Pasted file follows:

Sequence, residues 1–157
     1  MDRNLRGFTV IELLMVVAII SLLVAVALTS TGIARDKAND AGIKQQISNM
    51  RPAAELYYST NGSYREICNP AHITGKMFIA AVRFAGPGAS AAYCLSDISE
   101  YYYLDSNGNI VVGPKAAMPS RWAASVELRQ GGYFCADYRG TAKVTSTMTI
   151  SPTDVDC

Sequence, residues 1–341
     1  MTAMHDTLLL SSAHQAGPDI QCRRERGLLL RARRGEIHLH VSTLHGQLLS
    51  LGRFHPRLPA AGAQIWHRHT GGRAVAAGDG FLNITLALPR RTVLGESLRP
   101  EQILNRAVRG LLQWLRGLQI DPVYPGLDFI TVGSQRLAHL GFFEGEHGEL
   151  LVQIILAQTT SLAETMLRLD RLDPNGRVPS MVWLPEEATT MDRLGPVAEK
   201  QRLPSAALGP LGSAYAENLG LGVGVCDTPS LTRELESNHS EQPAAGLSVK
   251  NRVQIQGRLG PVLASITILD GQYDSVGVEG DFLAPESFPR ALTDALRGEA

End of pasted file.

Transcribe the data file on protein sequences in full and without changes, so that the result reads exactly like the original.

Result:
Sequence, residues 1–157
     1  MDRNLRGFTV IELLMVVAII SLLVAVALTS TGIARDKAND AGIKQQISNM
    51  RPAAELYYST NGSYREICNP AHITGKMFIA AVRFAGPGAS AAYCLSDISE
   101  YYYLDSNGNI VVGPKAAMPS RWAASVELRQ GGYFCADYRG TAKVTSTMTI
   151  SPTDVDC

Sequence, residues 1–341
     1  MTAMHDTLLL SSAHQAGPDI QCRRERGLLL RARRGEIHLH VSTLHGQLLS
    51  LGRFHPRLPA AGAQIWHRHT GGRAVAAGDG FLNITLALPR RTVLGESLRP
   101  EQILNRAVRG LLQWLRGLQI DPVYPGLDFI TVGSQRLAHL GFFEGEHGEL
   151  LVQIILAQTT SLAETMLRLD RLDPNGRVPS MVWLPEEATT MDRLGPVAEK
   201  QRLPSAALGP LGSAYAENLG LGVGVCDTPS LTRELESNHS EQPAAGLSVK
   251  NRVQIQGRLG PVLASITILD GQYDSVGVEG DFLAPESFPR ALTDALRGEA